How to Unleash Creativity Like a Python

Those who want to incubate creativity would do well to study Britain’s sketch comedy group Monty Python who are responsible for creating The World’s Funniest Joke and coming close to figuring out The Meaning of Life.

Following is a bit of advice from each of the Pythons on how to foster an environment for creativity and innovation:

John Cleese:

Cleese is the most out spoken Python when it comes to the illusive subject of creativity and speaks at length on the subject for corporate audiences. He says, “We need to be in the open mode when pondering a problem — but! — once we come up with a solution, we must then switch to the closed mode to implement it. Because once we’ve made a decision, we are efficient only if we go through with it decisively, undistracted by doubts about its correctness.”

Creativity requires balancing broad thinking with closed thinking. Allow divergent ideas, but once an idea is selected don’t let criticism and doubt deflate its power. You must implement with courage and determination. Second-guessing and doubts mire the implantation process.

Terry Gilliam

The American artist responsible for Python’s visuals gives us a glimpse of his creative process in an interview about his film, The Imaginarium of Dr Parnassus. “We read Dover Books, because you can steal from them. The medieval imagery and iconography is so good for the imagination.”

Gilliam isn’t embarrassed about stealing — nor should he be. Innovation relies on theft.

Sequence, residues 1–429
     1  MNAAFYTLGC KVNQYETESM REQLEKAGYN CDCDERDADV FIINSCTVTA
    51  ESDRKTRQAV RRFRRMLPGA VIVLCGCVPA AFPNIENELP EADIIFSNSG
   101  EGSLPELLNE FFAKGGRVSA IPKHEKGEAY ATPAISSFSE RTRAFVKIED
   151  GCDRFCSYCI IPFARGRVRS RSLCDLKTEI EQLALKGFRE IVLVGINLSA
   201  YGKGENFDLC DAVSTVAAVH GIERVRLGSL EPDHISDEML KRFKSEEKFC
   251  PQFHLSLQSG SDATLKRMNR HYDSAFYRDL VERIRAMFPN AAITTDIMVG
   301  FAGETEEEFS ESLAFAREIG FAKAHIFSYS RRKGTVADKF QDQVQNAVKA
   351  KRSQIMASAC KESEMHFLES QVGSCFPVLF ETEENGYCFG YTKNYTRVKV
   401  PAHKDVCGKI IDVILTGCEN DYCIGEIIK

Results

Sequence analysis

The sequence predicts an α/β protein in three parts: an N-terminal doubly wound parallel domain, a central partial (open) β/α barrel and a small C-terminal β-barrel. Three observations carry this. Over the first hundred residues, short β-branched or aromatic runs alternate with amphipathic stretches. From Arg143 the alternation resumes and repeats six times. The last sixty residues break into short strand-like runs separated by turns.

Eric Idle:

The Pythons weren’t always on good terms, but that didn’t stop them from working together and producing sharp material. If anything it elevated their productivity and urged them to create better material. Idle says, “Disagreement was the healthiest form of collaboration. If you had a sketch, and the Pythons laughed, you knew it was funny. If they stop laughing, they would then say, ‘It was funny until that happened,’ and then they would say, ‘So what if this happened?’ Criticism opened the door to where we would go next.”

Innovation does not demand consistent positivity.

Terry Jones:

The BBC gave Monty Python free reign to make 12 shows. However, as Terry reports, “After about the fourth show the head of comedy got hold of our director and said look this just isn’t funny, there’s nothing funny about a man coming out of the sea and saying ‘it’s’, you’ve got to do something about this. But by that time we were starting to get sort of audience reaction and the beginnings of a sort of cult following kind of thing.”

The lesson is — create without boundaries. Begin by doing and don’t seek out approval and acceptance. If you allow oversight you might never get off the ground.

Michael Palin:

Recently Palin has admitted that a large part of the Python oeuvre was “dross.” But he admits, “People forgive you the things that don’t work.” And there is the lesson. Not everything you create will be good and most of it might be bad, but there will be highlights, glimmers, and bits that people will never forget.

Graham Chapman:

Chapman died in 1989. His humor was by far the most subversive of the group and he always sought to upend convention for a laugh. He said, “I can’t talk to a man who bears an undeserved animosity towards ferrets.”

Creativity requires letting go and seeing things in a different light. Sometimes you have to put a stake in the ground and reject those who aren’t amiable to ferrets.